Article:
Tiva Lab ASM 01: Getting Started with ARM Assembly Language Programming



  • Learn how to control the execution flow by using the conditional flags
  • Learn how to access array and/or structure data in the memory.

Required Reading Material


Background Information

High-level computer programming languages have a level of abstraction between the code and the processor. The abstraction means that the programmer never has to worry about the details of the computer, and this also allows the programmer to write code that could run on various different processors. All the high-level programming languages need to be converted into assembly language and then into machine code. The executable code in the high level language is huge, and hence it sometimes not efficient. This means that if performance is critical, the programmer might have to write their code differently.

The best way of getting the performance is by understanding how the machine works so that the programmer can do large architectural transformations that a compiler can't easily. Assembly language is a really good way of learning this performance in detail since it helps programmers understand practical concepts of the computer such as what a registry is and how it is used. Assembly language uses a symbolic designation of programming elements instead of machine code, so it is considered to be a low-level language, compare with other transitional computer languages such as C and Java.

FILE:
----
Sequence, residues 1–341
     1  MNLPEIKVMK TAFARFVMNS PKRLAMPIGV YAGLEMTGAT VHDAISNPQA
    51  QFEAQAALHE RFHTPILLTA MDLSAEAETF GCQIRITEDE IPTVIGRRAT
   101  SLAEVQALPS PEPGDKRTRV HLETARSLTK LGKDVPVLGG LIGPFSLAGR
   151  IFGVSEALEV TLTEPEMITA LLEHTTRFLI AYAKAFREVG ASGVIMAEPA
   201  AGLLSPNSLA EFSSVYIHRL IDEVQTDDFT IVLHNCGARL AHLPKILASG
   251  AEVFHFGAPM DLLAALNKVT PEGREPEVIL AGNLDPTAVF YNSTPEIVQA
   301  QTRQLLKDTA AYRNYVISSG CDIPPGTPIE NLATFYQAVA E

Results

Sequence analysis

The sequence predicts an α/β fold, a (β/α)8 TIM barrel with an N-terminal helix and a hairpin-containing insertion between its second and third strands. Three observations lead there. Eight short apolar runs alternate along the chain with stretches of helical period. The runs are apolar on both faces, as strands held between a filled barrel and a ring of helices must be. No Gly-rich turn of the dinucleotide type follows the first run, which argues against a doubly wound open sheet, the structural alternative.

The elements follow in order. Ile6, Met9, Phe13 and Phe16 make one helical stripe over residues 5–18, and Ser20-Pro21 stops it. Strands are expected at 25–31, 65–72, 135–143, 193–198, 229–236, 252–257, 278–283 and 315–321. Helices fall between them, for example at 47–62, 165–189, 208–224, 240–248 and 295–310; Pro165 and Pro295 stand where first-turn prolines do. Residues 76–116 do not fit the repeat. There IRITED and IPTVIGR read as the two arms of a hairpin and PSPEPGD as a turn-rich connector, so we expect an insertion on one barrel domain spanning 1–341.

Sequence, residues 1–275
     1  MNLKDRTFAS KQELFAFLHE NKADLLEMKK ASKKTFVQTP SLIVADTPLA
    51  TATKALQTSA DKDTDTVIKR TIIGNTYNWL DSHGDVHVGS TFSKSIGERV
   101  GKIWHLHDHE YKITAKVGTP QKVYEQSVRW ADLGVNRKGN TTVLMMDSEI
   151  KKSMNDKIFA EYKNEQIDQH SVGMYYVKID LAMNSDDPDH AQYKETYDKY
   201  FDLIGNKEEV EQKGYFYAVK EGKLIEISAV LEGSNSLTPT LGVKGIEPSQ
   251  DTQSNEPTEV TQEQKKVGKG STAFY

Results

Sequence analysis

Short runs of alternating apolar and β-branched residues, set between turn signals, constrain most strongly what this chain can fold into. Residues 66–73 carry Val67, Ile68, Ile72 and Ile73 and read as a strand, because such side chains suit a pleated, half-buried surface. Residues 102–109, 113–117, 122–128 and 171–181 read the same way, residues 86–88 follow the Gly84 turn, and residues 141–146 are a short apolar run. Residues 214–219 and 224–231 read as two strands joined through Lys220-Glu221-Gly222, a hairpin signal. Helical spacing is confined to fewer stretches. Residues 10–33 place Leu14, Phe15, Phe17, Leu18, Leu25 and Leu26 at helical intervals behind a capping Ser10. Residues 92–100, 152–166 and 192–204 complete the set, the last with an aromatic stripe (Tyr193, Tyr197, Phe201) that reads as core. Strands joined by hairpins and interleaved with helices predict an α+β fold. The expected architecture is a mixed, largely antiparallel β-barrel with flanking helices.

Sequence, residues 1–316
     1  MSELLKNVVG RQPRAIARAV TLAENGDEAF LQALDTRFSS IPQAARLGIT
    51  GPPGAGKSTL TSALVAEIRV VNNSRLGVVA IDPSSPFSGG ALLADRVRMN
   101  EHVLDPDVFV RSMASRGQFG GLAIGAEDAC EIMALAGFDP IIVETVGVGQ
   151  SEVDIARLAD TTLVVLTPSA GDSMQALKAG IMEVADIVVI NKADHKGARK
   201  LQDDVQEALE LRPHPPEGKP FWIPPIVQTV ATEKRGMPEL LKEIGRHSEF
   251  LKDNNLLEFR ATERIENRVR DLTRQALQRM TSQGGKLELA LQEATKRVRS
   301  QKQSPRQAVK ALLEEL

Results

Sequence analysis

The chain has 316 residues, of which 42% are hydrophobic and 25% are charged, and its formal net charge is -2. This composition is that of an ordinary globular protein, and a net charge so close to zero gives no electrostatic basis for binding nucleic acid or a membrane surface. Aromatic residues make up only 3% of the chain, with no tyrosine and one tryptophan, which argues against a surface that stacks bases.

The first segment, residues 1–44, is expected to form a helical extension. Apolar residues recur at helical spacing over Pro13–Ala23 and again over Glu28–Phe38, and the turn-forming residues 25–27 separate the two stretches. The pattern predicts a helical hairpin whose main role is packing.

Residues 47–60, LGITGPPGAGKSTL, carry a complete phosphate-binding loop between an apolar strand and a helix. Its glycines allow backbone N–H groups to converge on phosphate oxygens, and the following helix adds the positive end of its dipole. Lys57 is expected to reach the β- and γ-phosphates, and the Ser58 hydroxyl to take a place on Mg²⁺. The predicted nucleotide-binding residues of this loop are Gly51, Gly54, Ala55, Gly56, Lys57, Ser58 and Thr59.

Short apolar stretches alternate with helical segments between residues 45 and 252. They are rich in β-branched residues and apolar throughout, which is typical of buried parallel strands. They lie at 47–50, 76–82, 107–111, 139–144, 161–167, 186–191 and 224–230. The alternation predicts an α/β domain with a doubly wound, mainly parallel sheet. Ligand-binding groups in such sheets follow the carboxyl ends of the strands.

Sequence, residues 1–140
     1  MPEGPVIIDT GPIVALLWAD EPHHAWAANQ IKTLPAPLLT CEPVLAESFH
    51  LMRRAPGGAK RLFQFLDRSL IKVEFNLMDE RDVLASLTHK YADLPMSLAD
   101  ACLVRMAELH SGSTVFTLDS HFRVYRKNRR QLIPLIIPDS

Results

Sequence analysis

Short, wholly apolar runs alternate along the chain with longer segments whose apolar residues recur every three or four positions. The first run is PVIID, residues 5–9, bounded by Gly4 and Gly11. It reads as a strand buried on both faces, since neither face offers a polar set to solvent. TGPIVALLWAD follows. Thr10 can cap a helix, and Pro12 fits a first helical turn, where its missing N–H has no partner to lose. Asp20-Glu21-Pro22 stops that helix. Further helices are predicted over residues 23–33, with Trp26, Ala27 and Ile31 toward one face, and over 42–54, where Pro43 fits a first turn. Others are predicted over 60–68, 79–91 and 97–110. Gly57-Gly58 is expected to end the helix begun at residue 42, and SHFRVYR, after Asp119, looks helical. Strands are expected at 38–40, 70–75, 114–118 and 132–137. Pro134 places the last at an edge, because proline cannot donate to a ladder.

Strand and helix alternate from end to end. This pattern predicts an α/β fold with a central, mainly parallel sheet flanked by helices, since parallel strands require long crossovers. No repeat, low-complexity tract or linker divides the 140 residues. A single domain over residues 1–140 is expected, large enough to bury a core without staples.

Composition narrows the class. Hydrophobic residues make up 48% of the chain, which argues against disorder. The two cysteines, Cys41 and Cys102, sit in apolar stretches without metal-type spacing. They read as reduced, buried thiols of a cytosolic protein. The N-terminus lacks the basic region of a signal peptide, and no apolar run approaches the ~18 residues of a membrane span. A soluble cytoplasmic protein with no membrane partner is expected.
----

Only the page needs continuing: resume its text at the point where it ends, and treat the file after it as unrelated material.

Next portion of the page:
One advantage of assembly language programming has to do with its use in increasing the running speed of programs. Should an algorithm be optimally complex, we can choose to write instructions using assembly language in order to achieve faster execution times.

Assembly language is not without its disadvantages. It is not portable, meaning an application written for a PC would not run on ARM devices. In addition, a program in assembly language is more difficult to write and takes more time than a program written in C or another high-level language.

Assembly is still using for some key tasks, e.g.

  • Hardware specific code, such as device drivers, boot-loader, BIOS ...
  • Embedded devices, Real-time system where the size of code and performance are important
  • Low-level code where performance is critical etc.





Part-I. Loop

Write ARM assembly code to calculate sum of numbers from 1 to 100 (R0 = 1 + 2 + 3 + ... + 100 = 5050 = 0x13BA) using the following flowcharts:

Assembly Code 1-1: Counting up with while-loop.

Assembly Code 1-2: Counting up with a do-while loop.
Assembly Code 1-3: Counting down with a do-while loop

You need to submit one assembly code for each flowchart. The total you will create three assembly codes.

 Part-II. Accessing Arrays

Using assembly code to calculate the sum, average value, find the maximum and minimum value in array A[10], which is already predefined the initial value.